Johnny Ambrose

Fifteen years ago, Johnny Ambrose was trampled and killed by an elephant. He was guiding a group of tourists on a walking safari when the elephant charged the group. He drew the attention of the elephant away from the tourists and was crushed. Every year in mid May, there is a touch rugby competition in his memory, held at Croc Valley Camp.

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Teams come from as far afield as Malawi and Lusaka to compete. It is a round robin competition, with every team playing every other team, to decide an eventual winner. It usually starts at about 2:30pm and finishes three hours later, as the light is fading. As the Valley doctor, I have to be in attendance in case a contestant is injured.

There is no grass on the field, just hardened, dry, dusty clay. Some players felt that their trainers did not give them enough grip on this surface, so they removed their footwear. Two barefoot players tore the hard skin from the ball of their feet, and these were the only casualties I had to deal with. It was hot, blistering heat, if you will forgive the pun, and the players came off for a refreshment break after five minutes. Rather than drinking oral rehydration solution, some were drinking beer, others vodka and coke. The standard of play deteriorated as the day wore on, as contestants became tired and emotional.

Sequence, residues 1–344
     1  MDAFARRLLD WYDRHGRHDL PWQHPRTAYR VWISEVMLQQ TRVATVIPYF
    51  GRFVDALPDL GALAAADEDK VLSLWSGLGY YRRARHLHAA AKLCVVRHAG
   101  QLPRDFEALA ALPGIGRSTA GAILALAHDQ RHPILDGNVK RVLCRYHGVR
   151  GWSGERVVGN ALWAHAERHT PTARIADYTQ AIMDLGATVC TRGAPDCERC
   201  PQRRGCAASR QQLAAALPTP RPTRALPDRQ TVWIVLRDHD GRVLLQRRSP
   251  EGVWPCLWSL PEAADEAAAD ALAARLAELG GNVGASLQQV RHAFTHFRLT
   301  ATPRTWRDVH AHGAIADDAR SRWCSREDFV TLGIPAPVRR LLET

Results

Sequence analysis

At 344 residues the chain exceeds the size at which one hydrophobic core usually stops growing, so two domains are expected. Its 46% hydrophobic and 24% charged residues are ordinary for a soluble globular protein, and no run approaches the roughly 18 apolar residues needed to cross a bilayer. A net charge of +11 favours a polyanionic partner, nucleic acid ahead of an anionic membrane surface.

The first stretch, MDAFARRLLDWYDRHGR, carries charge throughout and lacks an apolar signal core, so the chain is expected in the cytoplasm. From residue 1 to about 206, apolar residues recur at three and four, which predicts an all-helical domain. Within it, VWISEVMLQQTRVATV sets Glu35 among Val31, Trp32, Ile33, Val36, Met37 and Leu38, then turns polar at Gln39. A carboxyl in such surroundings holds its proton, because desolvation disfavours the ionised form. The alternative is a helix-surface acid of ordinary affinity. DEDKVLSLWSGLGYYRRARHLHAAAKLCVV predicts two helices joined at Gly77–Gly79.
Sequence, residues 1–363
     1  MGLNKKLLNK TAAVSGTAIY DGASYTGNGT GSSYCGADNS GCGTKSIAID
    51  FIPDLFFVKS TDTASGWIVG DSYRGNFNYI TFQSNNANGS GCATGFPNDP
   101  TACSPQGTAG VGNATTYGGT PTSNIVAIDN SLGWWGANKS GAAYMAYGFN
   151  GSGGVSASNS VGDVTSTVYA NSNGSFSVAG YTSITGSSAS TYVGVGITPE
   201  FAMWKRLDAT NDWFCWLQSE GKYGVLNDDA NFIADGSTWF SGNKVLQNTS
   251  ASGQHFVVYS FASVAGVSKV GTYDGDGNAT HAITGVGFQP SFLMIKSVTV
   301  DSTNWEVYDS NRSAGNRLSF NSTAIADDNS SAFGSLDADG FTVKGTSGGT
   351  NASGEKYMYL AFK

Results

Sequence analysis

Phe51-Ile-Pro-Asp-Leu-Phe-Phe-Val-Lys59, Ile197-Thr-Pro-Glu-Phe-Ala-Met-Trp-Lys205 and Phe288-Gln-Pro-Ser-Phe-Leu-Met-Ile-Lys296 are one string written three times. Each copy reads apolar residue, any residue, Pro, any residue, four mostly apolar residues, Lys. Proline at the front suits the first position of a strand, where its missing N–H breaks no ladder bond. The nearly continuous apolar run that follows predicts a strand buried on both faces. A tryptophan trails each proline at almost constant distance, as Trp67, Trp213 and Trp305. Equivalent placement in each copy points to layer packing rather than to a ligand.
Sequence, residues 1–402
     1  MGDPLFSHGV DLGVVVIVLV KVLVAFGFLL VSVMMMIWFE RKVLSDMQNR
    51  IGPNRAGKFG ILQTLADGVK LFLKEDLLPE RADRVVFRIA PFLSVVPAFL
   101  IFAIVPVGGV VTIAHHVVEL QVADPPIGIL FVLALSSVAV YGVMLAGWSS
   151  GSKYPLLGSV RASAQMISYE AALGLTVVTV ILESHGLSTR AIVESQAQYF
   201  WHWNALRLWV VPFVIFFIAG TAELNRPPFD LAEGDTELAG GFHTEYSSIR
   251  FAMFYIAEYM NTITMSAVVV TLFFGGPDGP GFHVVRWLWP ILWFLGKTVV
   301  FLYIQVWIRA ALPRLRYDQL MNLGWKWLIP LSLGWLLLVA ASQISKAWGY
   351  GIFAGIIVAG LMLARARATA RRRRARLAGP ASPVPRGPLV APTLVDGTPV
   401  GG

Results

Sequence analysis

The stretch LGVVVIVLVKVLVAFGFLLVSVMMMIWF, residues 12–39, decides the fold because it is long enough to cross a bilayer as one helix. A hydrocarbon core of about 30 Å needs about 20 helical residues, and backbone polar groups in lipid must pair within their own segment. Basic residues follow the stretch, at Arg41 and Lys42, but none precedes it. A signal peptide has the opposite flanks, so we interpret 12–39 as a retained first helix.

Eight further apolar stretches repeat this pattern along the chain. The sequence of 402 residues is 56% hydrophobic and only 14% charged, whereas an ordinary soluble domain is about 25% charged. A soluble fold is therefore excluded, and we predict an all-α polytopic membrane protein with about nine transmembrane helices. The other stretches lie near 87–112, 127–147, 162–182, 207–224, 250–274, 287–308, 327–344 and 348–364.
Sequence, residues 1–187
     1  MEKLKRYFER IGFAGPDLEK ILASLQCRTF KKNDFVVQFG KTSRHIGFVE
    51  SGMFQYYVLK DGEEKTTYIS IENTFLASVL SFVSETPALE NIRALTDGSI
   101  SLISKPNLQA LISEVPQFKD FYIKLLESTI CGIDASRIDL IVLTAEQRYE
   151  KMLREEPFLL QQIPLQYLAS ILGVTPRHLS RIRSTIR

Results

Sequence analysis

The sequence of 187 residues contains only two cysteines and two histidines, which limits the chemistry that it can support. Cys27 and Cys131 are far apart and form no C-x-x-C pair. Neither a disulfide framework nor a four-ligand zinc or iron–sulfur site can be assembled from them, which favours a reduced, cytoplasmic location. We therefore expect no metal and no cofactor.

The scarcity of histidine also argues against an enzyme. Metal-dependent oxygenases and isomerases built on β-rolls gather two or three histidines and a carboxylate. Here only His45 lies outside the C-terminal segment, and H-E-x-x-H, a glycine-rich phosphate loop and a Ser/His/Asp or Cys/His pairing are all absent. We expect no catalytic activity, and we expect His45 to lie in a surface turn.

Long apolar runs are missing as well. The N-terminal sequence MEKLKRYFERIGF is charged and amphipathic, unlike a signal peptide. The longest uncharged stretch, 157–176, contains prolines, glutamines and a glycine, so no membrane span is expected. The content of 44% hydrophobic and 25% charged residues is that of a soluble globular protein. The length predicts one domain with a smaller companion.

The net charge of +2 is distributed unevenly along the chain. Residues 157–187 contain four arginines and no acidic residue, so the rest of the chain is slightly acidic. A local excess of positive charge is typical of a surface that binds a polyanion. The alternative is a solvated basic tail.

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Eugene – he is not playing for Harlequins

After the prize giving, there was a barbecue. At the bar, beside the river bank, a sheep’s carcass had been roasting over a low fire for most of the day. The corpse was stretched out over a wire mesh, and the cook basted it regularly with a honey glaze which had caramelised to a rich dark brown colour.

In addition to the sheep, there was the usual array of sausages, steak and chicken, with salad, for $10 a plate. There were some interesting prizes being raffled off at $2 a ticket. And the high light of the evening was Karaoke. You could pay to nominate someone to sing. If they refused, they would forfeit double your bid.

I decided the atmosphere was too raucous and loud, so I slipped away and made myself a vegetable curry with rice. Just as I sat down to eat it, I was called out to see a tourist who was unwell in the camp next to Croc Valley. After seeing the patient, I rejoined the party primarily to see another client who needed some malaria pills. Everyone was well-oiled. “C’mon doc, down this Jaegermaster in one! You’ve earned it,” said the captain of the winning team. I politely declined, saying that I was driving and on duty.

“It didn’t stop some of the other doctors. I remember one doc, who was once so drunk that we had to tie him to an open LandCruiser, dowse him with water and drive him to the lodge for some black coffee to sober him up. There had been an emergency call from Nsefu, so we put someone in the car with him and drove to the camp. He might have been drunk, but he saved the man’s life.”

I drove back home and started typing out another blog. I was about to go to bed when I was called out to another patient who had been badly injured in a fall. I am on duty 24/7 and for me that means I need to be sober at all times. Perhaps I can let my hair down a little bit when I return to England in two months.

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